On the Christian Post web site, guest columnist Greg Stier observes:
Probably the only real criticism I have of this movie is that the makers of To Save a Life had a tremendous opportunity to give the gospel but they didn’t take it. I talked to the writer about this (a GREAT guy and a youth leader, so I love him by default) and he told me that he didn’t want to make an “altar call type of movie“, but one that shows the impact of the gospel to change a life. I told him that, while I understood his point, he could have given the gospel easily in this film without it coming off like a “come forward and touch the movie screen if you’re trusting Jesus” movie going experience. I believe that if this film would have given the gospel in a clear and compelling way it would be much easier for teenagers to talk to their friends about the gospel afterward. Heck, the movie is called “To Save a Life” so why would you not give the gospel? In my opinion it’s like setting up a joke and not giving the punchline.
But in spite of philosophical differences on this point I still think that this is a must see movie for your youth group. It presents a tremendous opportunity for teenagers to invite their unreached friends out to the movie and to follow it up with raw conversations about the gospel afterward.
Although I would be the first to agree that not every Christian movie needs to include a direct invitation to receive Christ, it does seem that a film about the reality of a transforming relationship with God probably needs to explain how a person enters into it.
And if part of the film is an indictment of youth group phonies, one might not be too out of bounds to ask, “Great. So how do you find the real deal?”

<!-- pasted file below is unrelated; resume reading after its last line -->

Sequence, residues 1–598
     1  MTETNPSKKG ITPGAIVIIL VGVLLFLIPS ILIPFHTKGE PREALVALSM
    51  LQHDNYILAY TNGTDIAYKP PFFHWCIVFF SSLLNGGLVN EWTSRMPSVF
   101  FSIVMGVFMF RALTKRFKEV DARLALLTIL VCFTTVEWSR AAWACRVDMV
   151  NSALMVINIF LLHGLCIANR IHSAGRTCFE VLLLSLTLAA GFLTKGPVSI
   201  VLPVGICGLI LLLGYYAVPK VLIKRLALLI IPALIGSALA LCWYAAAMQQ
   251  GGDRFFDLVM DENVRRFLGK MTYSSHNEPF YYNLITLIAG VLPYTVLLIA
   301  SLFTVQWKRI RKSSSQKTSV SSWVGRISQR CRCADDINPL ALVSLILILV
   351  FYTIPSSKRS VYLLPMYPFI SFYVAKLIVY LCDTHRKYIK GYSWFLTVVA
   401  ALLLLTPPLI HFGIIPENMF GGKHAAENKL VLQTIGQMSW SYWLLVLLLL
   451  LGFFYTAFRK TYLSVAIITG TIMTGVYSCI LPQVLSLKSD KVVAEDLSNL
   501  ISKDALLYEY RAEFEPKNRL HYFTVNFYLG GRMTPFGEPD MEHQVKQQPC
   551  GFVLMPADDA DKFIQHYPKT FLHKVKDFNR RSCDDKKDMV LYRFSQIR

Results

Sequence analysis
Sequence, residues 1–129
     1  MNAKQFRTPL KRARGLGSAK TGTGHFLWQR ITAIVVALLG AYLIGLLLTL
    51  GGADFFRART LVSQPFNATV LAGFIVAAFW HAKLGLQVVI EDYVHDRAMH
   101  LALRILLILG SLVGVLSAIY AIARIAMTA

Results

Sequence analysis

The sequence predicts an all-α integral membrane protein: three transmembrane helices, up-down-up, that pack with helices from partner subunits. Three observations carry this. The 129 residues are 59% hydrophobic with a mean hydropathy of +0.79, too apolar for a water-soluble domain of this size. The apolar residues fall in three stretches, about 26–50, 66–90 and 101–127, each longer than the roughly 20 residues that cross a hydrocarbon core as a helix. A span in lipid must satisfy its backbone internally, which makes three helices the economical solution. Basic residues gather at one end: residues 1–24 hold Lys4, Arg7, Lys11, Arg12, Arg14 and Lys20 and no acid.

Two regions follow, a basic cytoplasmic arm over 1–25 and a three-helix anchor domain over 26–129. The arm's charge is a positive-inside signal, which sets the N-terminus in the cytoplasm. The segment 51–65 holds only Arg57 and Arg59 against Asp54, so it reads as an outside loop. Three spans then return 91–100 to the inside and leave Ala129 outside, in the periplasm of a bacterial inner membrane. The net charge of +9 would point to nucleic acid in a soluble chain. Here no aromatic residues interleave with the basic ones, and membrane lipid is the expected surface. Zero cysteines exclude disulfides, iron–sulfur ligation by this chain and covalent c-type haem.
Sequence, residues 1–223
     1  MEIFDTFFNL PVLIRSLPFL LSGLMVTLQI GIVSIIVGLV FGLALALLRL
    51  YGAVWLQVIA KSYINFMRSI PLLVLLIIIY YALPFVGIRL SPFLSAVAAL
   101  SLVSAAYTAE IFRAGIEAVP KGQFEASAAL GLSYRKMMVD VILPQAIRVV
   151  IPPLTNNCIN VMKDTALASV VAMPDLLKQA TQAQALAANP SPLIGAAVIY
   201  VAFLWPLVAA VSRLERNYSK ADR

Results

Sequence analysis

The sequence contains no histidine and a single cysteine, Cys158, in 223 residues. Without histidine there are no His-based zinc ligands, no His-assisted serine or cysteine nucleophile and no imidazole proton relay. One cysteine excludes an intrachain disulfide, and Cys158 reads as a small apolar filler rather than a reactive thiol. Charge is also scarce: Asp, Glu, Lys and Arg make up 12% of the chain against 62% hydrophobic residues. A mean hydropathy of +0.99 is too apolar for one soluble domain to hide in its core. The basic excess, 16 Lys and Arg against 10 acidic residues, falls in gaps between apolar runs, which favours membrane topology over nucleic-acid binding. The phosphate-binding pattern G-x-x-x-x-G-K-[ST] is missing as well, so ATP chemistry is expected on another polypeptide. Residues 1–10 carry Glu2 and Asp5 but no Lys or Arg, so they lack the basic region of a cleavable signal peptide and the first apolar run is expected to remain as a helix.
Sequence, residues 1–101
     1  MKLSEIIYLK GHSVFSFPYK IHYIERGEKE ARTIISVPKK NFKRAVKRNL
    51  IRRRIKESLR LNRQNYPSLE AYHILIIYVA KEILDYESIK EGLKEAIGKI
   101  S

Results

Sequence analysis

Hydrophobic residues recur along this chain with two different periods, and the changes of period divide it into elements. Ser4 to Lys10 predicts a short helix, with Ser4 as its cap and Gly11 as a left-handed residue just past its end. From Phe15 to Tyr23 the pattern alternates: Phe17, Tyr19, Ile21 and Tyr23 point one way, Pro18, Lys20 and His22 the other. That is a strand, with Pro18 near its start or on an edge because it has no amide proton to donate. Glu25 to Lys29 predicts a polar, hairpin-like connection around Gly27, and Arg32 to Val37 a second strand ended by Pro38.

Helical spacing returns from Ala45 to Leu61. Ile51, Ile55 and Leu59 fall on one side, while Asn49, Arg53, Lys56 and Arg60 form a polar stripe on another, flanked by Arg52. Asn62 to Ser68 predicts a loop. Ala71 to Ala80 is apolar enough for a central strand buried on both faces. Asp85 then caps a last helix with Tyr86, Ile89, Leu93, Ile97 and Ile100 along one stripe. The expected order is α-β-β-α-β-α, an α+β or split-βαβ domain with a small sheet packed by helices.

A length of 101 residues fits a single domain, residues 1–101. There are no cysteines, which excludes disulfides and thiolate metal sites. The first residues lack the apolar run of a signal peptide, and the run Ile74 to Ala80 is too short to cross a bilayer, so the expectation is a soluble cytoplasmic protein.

It’s almost like the dodge some use when asked if they have ever shared their faith with a non believer –
“Oh, I don’t actually say anything. I let my life speak.”
The problem with that approach is that the average non christian walks away with the impression that we are neat people, rather than discovering that it is only Jesus living His life out through us that makes us different.
Don’t get me wrong, there’s nothing more grating than having the loudest voice of “evangelism” in your office or school also be the hardest party-er, or the most easily offended, or the most insensitive to others feelings.
But to ask the question, ‘Which is more important, to share the love of Christ with your lips or your life?” is almost like asking, “Which wing of the airplane would you rather have intact at 30,000 feet?”
The sad fact is “To Save a Life” makes that choice, and leaves the Gospel unexpressed.
Perhaps the best way to make up the difference is to take Greg Stier’s advice and prepare to be the one who gives voice to the message of God’s love and forgiveness and how to make that personal following the film.
Like “The Passion of the Christ”, many could be reached in the conversations that take place afterward.
But let’s make sure that our testimony about Jesus has both wings of the airplane in place – sharing the transforming difference Jesus makes with our lives and our lips.
For I am not ashamed of the gospel of Christ, for it is the power of God to salvation for everyone who believes, for the Jew first and also for the Greek. For in it the righteousness of God is revealed from faith to faith; as it is written, “The just shall live by faith.” (Romans 1:16-17)